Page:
Disaggregating the daily COVID and non-COVID inpatient death timelines, we see non-COVID rose only slightly, for a week, which makes no sense in a “locked down” city of 8 million people. From early April through mid-May, non-COVID deaths dropped below baseline, implying that COVID attribution “stole” from other causes of death.
Because there’s a very strong relationship between the rise of the census for ICU-Intubated COVID Patients and the rise of inpatient COVID deaths, it’s tempting to say “See, the ventilators!”
Inappropriate or hasty intubation, Ventilator-Associated Pneumonia (VAP)/Ventilator-Induced Lung Injury, and/or the drugs used to sedate patients could have contributed to many deaths happening so quickly. Martin Neil, Jonathan Engler, Norman Fenton, and I offered such possibilities in a recent article. However, there’s no way to discern how many New York hospital deaths might involve these factors — especially because so many deaths attributed COVID-19 as underlying cause.
It’s also hard to fathom such a high rate of indiscriminate mass intubation, whatever the outcome. A testimony from a Manhattan ER doctor seems to corroborate the speed & intensity, but the tone of her story is odd and data for her hospital’s emergency room contradict her perceptions about ER patient volume.
Is it possible that many deaths occurred upon or very shortly after intubation (within 24-48 hours)? Perhaps sedatives administered in ambulances, emergency departments, or COVID ICUs created immediate casualties that were attributed to the Novel Disease or other causes?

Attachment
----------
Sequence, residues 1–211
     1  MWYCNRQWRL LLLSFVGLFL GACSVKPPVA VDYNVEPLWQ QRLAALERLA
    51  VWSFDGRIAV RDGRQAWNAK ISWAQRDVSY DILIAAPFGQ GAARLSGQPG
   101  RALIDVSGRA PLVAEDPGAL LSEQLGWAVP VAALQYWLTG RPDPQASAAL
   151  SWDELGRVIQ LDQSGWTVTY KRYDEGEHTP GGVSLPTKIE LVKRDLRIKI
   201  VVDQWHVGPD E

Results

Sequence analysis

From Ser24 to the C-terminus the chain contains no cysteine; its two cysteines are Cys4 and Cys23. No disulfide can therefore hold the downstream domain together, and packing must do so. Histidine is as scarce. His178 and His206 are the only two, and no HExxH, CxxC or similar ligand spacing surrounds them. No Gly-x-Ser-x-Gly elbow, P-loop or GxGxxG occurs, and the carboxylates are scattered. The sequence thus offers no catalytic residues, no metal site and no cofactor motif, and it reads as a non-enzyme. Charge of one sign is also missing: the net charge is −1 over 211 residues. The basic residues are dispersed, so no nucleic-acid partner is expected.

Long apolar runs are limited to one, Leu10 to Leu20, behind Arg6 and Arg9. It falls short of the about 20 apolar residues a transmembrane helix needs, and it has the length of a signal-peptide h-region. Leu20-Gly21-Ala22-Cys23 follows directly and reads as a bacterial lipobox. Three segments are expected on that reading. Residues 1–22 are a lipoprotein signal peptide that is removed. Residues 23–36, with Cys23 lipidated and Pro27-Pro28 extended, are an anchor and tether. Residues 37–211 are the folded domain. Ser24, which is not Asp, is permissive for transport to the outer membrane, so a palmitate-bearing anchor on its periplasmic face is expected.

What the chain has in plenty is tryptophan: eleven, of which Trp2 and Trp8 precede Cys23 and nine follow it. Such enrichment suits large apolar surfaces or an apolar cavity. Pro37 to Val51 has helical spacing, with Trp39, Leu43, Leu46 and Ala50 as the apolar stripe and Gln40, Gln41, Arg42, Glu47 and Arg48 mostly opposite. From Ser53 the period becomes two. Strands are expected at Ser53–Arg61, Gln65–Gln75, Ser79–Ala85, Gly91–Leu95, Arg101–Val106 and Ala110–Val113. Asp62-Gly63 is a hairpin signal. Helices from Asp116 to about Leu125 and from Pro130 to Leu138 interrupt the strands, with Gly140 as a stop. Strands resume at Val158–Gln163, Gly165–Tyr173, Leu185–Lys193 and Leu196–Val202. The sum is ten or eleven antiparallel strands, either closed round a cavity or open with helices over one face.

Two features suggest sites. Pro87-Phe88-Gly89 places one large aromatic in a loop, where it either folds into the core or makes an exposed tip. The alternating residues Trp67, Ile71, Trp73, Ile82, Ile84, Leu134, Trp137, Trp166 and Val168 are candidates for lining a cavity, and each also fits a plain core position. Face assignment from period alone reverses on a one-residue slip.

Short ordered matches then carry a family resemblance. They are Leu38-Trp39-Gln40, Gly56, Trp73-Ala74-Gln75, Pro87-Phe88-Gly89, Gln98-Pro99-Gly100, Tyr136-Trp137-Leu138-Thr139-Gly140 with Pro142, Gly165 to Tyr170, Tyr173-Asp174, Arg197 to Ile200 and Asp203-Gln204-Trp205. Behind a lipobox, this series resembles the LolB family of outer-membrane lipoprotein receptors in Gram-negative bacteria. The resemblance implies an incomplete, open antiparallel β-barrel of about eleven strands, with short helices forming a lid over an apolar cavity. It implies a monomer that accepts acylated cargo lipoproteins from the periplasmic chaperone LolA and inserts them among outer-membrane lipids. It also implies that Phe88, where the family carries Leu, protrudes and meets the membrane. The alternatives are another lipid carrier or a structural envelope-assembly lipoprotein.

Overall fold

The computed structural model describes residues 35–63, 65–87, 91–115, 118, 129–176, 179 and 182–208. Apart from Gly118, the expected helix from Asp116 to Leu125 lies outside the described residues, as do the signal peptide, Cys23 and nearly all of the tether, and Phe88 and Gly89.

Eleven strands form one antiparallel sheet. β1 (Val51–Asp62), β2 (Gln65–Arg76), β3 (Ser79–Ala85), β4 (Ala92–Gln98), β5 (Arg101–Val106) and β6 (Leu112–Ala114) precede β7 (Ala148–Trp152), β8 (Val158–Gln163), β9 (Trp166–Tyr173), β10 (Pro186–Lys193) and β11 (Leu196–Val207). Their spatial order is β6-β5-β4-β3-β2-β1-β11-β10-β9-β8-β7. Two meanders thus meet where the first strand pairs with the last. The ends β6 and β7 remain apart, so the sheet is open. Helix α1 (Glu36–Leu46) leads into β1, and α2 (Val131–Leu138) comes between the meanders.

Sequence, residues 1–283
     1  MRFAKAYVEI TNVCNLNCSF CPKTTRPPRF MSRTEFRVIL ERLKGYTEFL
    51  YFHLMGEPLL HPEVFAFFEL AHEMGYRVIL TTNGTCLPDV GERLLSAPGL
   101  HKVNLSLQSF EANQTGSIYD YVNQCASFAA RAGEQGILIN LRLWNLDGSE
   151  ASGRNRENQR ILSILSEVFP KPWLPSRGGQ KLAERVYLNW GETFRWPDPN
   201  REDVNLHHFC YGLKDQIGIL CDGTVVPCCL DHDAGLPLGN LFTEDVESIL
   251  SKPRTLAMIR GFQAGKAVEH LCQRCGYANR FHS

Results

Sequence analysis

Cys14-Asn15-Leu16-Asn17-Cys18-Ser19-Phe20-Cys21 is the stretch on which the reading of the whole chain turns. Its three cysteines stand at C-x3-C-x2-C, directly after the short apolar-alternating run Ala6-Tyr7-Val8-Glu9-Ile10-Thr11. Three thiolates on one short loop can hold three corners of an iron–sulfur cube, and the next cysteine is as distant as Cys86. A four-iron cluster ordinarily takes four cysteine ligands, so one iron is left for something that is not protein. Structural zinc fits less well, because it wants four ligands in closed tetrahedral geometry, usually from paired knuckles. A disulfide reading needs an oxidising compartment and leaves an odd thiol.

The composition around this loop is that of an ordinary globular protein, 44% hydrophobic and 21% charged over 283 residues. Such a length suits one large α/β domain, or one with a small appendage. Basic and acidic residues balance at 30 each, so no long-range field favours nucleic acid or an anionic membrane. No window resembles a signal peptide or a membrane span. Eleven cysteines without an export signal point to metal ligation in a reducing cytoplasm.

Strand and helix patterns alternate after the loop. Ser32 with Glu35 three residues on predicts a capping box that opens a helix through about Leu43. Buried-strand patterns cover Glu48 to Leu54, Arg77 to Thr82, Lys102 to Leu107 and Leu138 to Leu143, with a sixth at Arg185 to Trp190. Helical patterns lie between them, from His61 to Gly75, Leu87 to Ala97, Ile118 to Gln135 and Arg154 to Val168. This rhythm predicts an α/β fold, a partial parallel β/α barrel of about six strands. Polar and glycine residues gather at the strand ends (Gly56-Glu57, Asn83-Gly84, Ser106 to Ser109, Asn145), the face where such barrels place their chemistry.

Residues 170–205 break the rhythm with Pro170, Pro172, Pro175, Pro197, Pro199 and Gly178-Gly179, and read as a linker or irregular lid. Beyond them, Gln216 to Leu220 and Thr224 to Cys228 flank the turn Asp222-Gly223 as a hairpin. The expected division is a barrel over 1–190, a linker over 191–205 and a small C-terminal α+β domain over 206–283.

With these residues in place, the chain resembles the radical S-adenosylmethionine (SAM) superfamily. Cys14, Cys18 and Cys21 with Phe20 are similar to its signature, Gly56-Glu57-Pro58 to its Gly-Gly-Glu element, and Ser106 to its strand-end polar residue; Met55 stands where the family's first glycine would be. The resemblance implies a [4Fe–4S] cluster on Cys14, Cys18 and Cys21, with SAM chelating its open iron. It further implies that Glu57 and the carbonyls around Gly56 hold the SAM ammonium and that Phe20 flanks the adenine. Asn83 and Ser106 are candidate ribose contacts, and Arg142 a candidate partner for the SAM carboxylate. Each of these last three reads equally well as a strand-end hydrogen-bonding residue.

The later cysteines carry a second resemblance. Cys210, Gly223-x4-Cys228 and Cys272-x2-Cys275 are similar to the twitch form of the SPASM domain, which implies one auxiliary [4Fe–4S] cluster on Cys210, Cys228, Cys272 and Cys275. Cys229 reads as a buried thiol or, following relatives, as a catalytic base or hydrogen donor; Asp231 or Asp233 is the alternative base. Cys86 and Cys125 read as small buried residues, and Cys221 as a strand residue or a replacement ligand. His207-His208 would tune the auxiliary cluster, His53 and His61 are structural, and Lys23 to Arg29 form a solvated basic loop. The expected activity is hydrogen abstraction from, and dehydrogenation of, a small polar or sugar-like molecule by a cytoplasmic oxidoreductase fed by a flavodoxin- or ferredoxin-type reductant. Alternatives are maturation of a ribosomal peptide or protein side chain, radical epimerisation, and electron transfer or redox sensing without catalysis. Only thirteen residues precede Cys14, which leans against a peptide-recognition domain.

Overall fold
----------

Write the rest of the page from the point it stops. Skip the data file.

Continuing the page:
Along those lines, consider what three weeks of inpatient death and intubation census data show:
There were an incredible 4,671 hospital inpatient COVID deaths in 21 days. Intubation census increased daily and reached 2,503 patients by April 7th.
If even half of COVID deaths were ICU-intubated patients on ventilators, it would mean massive turnover on those machines, with enough patients to quickly fill the beds. Again, this is hard to imagine during weeks when other data show volume was low. Without corroborating intake numbers or baseline data, the relationship between intubation and fatalities can’t be estimated.
Could immediate deaths upon sedation, attempted intubation and/or prior to ventilation – in addition to everything else that appears to have been going on — account for not only the magnitude but the speed of sudden deaths?